A grid inverter can be connected to any mains connection on your property as long as this will carry the power generated (the small ones are just plug in, see the Mastervolt photo). The power first goes into your home electrical circuit and helps to power the things using electricity at the time. If you don’t use it all then the surplus goes into the grid. If you use more than your generation then the extra is imported from the grid. So when the sun is shining that’s the best time to run the washing machine as you will mostly be powering it from your own generation.


SMA 1200 watt grid inverter.

The price of photovoltaic panels (PV) has plummeted, my first panels were £3 per watt last decade, and a recent (and repeatable) purchase of panels was at 0.35p per watt. A similar drop in the solar grid tie inverters has occurred and a second-hand market exists. All this in conjunction with a grid diverter means you can heat your water, run space heating, and contribute to powering you house from a system that is relatively easy to install.

So I have briefly described a grid tied PV system, but there is on more piece of equipment that pulls the whole thing together and makes it much more energy and cost effective. Namely the grid power diverter and there is a video on my channel showing the installation on one of these units. To find it type this into a search engine: “Immersun grid tie power diverter, zero carbon water heating” and you’ll find it.


Immersun diverter.

The Immersun diverter has a sensor that clips around one of your mains power supply cables next to your consumer unit. This tells the Immersun which way power is flowing and how much (import or export). There are several load circuits on the diverter and it powers these heating circuits only from your generated power, so if you are only generating 600 watts then that is all it will put into your immersion heater, and the diverted power will vary with the intensity of the sun on your panels (and the number of panels). If the water is up to temperature then the power is diverted to the second circuit which may be a storage heater. If you have a direct water heating system from a combi boiler then a pre-heat tank can be used. This means that the water is heated in a tank at mains water pressure, so hot water is fed into the boiler reducing the need for the gas boiler to provide any heat. Viridian tanks can take either conventional hot water panels or electric elements driven from the Immersun.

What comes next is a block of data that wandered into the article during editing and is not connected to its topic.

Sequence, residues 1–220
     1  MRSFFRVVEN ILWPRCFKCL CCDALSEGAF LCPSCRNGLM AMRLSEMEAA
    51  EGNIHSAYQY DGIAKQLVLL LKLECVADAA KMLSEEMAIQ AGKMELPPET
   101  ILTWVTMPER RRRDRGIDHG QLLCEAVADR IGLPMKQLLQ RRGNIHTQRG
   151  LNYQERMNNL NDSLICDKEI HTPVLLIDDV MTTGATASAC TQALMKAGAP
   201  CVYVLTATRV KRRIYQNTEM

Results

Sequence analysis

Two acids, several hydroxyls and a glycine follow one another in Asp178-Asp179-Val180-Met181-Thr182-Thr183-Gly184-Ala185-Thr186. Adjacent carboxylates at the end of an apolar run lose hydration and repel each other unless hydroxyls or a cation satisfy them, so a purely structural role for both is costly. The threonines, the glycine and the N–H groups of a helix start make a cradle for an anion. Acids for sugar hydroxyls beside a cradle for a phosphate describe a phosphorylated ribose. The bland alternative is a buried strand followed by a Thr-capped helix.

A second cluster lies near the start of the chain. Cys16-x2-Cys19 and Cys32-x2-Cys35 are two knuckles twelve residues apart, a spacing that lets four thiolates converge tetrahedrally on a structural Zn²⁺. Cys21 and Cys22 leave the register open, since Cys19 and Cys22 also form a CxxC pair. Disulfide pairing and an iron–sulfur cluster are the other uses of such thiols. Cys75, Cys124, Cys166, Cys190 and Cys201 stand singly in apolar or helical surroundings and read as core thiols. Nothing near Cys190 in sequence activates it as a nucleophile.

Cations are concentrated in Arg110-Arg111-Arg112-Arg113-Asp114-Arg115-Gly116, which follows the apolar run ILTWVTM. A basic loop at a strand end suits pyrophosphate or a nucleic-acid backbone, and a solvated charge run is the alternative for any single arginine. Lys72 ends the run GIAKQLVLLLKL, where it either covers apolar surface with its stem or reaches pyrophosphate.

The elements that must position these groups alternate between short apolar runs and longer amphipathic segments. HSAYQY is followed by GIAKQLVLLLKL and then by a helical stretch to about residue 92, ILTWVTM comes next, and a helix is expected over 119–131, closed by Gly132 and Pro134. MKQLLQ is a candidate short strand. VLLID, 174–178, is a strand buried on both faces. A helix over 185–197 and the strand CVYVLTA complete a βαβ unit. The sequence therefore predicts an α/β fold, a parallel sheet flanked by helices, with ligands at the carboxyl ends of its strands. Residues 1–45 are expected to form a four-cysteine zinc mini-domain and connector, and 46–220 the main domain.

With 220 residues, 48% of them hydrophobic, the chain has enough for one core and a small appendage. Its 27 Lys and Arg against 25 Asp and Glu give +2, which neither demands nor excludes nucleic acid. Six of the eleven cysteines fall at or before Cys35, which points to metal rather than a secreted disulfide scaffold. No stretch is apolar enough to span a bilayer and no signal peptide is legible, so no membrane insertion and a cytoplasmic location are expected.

If you switch something on in the house then the generated power will go to that thing and the power diverted by the Immersun will be reduced accordingly, or if it’s a large electrical load it may import power. The main thing is that for the heating circuits connected to the Immersun no power will be drawn from the mains and so there will be no cost. There is a boost function for those grey days in winter and the use of this is down to family education. When your various heating circuits are up to temperature (max 3.2 Kw per circuit) and the thermostats have switched off then the surplus power is exported to the grid. This photo of the Immersun LCD screen shows the immersion heater up to temperature and the amount of electricity being exported. If you were running the washing machine at this point it would be zero carbon and zero cost.


Immersun LCD screen.

So there you are, an alternative to solar water panels that are easy to fit, will power other things in the home, and can export power when you don’t need it. You can fit second-hand panels and inverters without having to use an expensive MCS accredited engineer. As long as you use a grid power diverter you can gain all the benefits from the electricity with a much lower installation cost. There will be no registering of the system for the now laughable feed-in tariff (thanks to the nasty party who only look after their own).

This idea will work for a wind turbine too, but really only if you live in a very windy area.

I hope this helps you to reduce your overheads and carbon footprint at an acceptable cost.

My video channel is here with lots of wind and solar ideas and experiments:


Andy Reynolds

Practitioner in lowimpact living and author of Wind and Solar Electricity